The Dangers of Asbestos: What You Need to Know

Asbestos related diseases is New Zealand’s number one work-related killer. Approximately 220 people die each year from preventable asbestos-related disease. 

We’d like to give you some basic information on the dangers of asbestos, where it can be found and what you can do to avoid it.

What are the different types of asbestos?

There are two types of asbestos:

  • Friable (Class A): crushed or in a dust form, such as paper backing on vinyl or pipe lagging
  • Non-friable (Class B): found in bonded products such as cement sheets and guttering.

Why is it so dangerous?

Inhaling asbestos fibres can cause a range of irreversible damage and diseases. 

One of the most common asbestos related diseases is asbestosis. This causes severe scarring of the inner lung tissue. People usually have pain and severe difficulty breathing. Although this isn’t directly fatal in itself, it can lead to respiratory or heart failure.

Damage from asbestos may occur in as little as five years, or take as long as 40-50 years after exposure for symptoms to appear. Unfortunately, many people do not realise they have been exposed until it’s too late. 

It is vital you don’t attempt to remove asbestos yourself, unless you are trained, certified where required, and fully competent – we cannot stress the importance of this enough!

Where can it be found?

If you’re planning to renovate or partially demolish a building, have a survey done first to identify if Asbestos Containing Material is present. If it is, contact your local asbestos removalist. 

Any building constructed up until the year 2000 has a high probability of containing asbestos. View the posters created by WorkSafe on locations where Asbestos can be found on industrial and residential buildings. It is useful to familierise yourself and your workers with the areas relevant to your work. If it is not expected that asbestos would be present and you see unidentified asbestos while working, stop work immediately and arrange for an assessment of the Asbestos Containing Material (ACM) to be carried out.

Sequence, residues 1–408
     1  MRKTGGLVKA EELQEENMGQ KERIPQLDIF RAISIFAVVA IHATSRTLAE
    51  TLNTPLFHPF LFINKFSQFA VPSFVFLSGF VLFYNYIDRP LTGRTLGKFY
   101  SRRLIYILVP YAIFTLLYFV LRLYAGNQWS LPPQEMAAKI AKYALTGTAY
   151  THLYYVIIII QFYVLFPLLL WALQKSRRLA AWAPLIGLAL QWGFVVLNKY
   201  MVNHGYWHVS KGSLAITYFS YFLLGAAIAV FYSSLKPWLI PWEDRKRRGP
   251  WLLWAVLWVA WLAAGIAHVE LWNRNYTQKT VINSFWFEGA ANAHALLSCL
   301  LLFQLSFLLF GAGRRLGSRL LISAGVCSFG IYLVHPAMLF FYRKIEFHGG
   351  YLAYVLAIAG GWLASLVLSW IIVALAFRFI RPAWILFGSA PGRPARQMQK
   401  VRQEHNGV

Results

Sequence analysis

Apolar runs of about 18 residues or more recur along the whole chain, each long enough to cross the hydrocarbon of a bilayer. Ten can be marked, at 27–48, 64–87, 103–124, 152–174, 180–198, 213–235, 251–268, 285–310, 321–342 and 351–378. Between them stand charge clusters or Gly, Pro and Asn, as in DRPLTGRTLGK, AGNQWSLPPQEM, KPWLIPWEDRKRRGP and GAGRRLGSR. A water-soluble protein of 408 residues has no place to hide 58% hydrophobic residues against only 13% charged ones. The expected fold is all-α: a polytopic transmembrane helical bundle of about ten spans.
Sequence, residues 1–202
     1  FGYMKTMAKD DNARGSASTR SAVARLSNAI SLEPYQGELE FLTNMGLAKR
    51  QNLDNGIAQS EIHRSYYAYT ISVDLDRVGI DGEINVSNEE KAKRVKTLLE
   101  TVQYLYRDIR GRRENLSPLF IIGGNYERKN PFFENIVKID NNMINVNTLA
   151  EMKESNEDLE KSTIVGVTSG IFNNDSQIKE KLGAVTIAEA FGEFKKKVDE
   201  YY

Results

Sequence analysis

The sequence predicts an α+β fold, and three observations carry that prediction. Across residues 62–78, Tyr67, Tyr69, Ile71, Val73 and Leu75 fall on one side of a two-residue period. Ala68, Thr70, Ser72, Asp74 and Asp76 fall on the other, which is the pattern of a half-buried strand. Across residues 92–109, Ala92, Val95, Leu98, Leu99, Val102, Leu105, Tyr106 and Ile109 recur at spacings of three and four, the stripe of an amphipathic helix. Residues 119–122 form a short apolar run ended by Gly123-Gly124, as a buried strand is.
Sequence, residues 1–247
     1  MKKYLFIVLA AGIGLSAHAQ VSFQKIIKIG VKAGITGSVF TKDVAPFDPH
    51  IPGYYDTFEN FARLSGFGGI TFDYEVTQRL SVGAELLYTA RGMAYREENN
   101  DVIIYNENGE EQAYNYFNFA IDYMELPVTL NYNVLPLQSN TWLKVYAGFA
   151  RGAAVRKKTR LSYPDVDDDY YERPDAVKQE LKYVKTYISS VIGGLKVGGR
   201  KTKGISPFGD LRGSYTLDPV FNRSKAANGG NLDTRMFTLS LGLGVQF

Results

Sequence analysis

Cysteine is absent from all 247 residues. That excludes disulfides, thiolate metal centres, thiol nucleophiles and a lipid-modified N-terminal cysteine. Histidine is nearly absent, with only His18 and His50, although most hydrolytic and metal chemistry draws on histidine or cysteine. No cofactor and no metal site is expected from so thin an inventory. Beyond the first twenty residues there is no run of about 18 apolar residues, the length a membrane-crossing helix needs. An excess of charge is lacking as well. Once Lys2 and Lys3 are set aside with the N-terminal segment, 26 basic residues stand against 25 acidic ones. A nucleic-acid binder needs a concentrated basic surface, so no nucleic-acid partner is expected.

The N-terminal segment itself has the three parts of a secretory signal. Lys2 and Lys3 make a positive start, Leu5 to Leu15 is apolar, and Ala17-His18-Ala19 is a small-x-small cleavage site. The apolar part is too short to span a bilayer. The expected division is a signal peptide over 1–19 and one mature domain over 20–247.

Is there a safe way to dispose of asbestos?

Yes, there is. Disposal must meet strict guidelines. Bagging and wrapping asbestos pieces is essential in any sort of removal – and dumping asbestos-containing materials can only be done in authorised locations. It is important to check with your local council for specific disposal locations and requirements. Wherever possible, leave this to the asbestos specialists.

Removal of ACM greater than 10m² can only be performed by a licensed removalist. Clearance certificates are documented records of the removal and correct disposal. Keep these records on-hand with the other site documentation. 

What more can you do?

Recognition means everything when it comes to asbestos, signage on-site, equipping your team with knowledge of asbestos dangers, using the HazardCo App to assess risks, and educating your workers could be the difference between life and death.


For additional education and training on Asbestos we have partnered with two training providers, Safety N Action and BeSafe which both provide Asbestos courses. Check out your HazardCo’s Perks and Partners page for further information. There is a course available for whatever your asbestos needs. 

What’s more, as a HazardCo customer with a current membership, you’ll get a 10% discount on any courses you undertake through these partners. Just advise them you are a HazardCo customer upon booking. 


Remember to also undertake health monitoring for any workers who work with airborne contaminants (such as asbestos or silica dust). See Habit Health a national health monitoring provider – and again, as a HazardCo customer you receive a 10% discount on any services engaged. 


Need more information?

HazardCo’s Advisory Team can help with any asbestos questions or other health and safety matters – give us a call on 0800 555 339.

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